The Type-In even had famous typewriters on display that were owned by John Lennon, Orson Welles, and Ted Kaczynsky, aka The Unabomber. “The LA Times published an article about Steve Soboroff's famous authors typewriter collection,” Marler explains. “I found him on twitter and sent him a short note. He responded instantly after reading my history at TypewriterStories.com and LAMarler.com. He invited me to the Malibu Library Reopening where he was offering typing on them as fundraising for them. Mr. Soboroff is just as nice and approachable as he is rich and powerful.”

    It’s also amusing to think that for some artists, hanging on to your typewriter is a luxury. Most screenwriters have to be part of the computer age to write and turn in a script, but Francis Ford Coppola and Woody Allen had a faithful typewriter repairman in New York, who only retired last year. Bino Gan, the owner and operator of Typewriters ‘N Things, repaired the typewriter Coppola wrote The Godfather on, an Olivetti, as well as Woody Allen’s faithful Olympia.

    As for why typewriters have had a recent resurgence, many will tell you it’s much easier to focus on a typewriter than it is on a computer. Reuben Flores, owner of US Business Machines tells us, “The generation of the last seven years wants to slow down so they can go forward. A typewriter only allows one thing, to be creative. A typewriter can help them be more creative and be more focused. I’m seeing more college students using typewriters because computer monitors irritate them give them headaches.”

    Animatronic Android Head for Prometheus

    Disney's Imagineers may have invented the animatronic robot half a century ago, but their approaches to cinematic puppetry are now more based on CG animation and light projection than rigged mechanics. So we're fortunate that creature FX artist Gustav Hoegen carries on the animatronics tradition, designing and building amazingly life-like puppets for films such as The World's End, Charlie and the Chocolate Factory, and Prometheus. This video from 2012 shows the test of a detached Android head--Michael Fassbender's David--and its full range of expressions and movements. It's both mesmerizing and creepy. Hoegen's showreel has more examples of his work, and here's an interview with Blender Cookie in which Hoegen details his process.

    The Craft of Foley Artist Gary Hecker

    And oldie but a goodie. "From "The Empire Strikes Back" to "Robin Hood", award-winning Foley artist Gary Hecker of Todd-AO says it takes "timing and a huge creative mind" to be the man behind the sound. Here, he shares tips and tricks he's learned during a career that has spanned more than 200 films." The side-by-side comparisons of the film action and Hecker recording the foley are the best. My favorite: the sound of a sword being unsheathed is that of a metal spatula being dramatically brushed along the edge of an old blade.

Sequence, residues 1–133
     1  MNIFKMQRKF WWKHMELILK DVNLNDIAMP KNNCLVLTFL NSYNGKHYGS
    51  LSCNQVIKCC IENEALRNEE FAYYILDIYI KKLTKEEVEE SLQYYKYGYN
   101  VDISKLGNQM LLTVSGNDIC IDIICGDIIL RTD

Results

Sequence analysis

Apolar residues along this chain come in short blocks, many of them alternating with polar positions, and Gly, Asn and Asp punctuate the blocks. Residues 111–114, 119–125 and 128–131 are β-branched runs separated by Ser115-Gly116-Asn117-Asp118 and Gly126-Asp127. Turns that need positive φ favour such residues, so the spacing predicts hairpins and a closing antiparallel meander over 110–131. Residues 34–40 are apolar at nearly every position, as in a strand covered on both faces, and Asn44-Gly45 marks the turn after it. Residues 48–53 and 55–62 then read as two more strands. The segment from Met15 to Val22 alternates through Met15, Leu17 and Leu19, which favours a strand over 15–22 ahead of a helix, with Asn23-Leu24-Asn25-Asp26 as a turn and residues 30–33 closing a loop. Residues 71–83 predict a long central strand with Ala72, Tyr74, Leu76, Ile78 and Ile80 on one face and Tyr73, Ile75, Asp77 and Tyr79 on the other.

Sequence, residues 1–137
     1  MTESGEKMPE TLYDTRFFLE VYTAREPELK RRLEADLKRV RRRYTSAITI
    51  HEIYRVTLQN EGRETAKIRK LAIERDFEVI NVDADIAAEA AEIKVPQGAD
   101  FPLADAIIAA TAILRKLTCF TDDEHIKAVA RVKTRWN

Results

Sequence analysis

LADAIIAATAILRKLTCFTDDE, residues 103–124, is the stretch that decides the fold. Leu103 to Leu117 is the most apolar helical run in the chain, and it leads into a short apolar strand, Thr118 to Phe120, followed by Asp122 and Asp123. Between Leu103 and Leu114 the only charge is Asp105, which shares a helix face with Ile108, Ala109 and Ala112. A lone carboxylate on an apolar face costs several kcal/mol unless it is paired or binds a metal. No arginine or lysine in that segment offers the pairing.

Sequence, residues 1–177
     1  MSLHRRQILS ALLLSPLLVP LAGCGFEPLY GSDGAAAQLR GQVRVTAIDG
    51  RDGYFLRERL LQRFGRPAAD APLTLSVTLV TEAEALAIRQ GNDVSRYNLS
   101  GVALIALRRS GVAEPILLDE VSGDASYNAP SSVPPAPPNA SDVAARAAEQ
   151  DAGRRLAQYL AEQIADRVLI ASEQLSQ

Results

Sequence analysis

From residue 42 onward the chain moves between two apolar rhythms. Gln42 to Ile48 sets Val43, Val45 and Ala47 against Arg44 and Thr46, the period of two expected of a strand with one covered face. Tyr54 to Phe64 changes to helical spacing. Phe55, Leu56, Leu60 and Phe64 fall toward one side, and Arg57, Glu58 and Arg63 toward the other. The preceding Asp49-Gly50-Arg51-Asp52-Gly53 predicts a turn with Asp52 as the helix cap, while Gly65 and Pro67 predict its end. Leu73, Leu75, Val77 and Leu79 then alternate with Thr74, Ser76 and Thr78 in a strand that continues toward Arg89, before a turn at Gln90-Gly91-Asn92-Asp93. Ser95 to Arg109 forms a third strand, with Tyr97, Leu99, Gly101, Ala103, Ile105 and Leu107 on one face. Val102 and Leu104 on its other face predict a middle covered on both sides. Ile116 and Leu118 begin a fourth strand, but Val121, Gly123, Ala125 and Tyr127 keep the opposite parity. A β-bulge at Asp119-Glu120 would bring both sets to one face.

Logan's Run: The Sci-Fi Blockbuster That Wasn't

    In the future, you can live a life of complete pleasure, but you have to die when you turn twenty-one. Not everybody’s going to go along with the program of course, and two people decide to flee for their lives. That’s the premise of the novel Logan's Run, which differs a bit from what eventually became the cult classic film. And among your Hunger Games and Divergents and Maze Runners, it's the kind of story that could make a great blockbuster for today’s audiences. In fact, Hollywood’s been trying to remake Logan’s Run for the last eighteen years, most recently with a script being penned by game designer Ken Levine. Whether or not this version gets off the ground and makes it to the theater is anyone's guess, but this is is one sci-fi story that actually deserves a second chance on screen.

    When you go back and watch the 1976 version of Logan’s Run, it really feels like a missed opportunity. The film came out the year before Star Wars, before science fiction films proved they could reach a mainstream audience. Logan’s Run definitely had big ambitions, and you get the feeling that there's a great movie hiding in between the frames of the finished reel. We chatted with the writers of the novel the film was adapted from, as well as the son of the film's director, to hear what the original vision was for the story.

    George Clayton Johnson and William F. Nolan wrote the first draft of Logan’s Run--the novel--back in 1965. “I came up with the idea of reversing the old cliché of ‘life begins at forty,’” Nolan says. “In my original concept, life ended at forty, which I scaled down to twenty-one in the novel. It was much more frightening to have young people just out of their teens being executed by the state.” This was, of course, a very dark idea, and there’s a strong message at the core of Logan’s Run that society could learn from, but Nolan says, “As a writer, I feel that you must never preach to your readers. The message must always be subliminal. In Logan’s Run, the message is that you can’t run a civilization with middle-aged and older people eliminated. The society collapses on itself."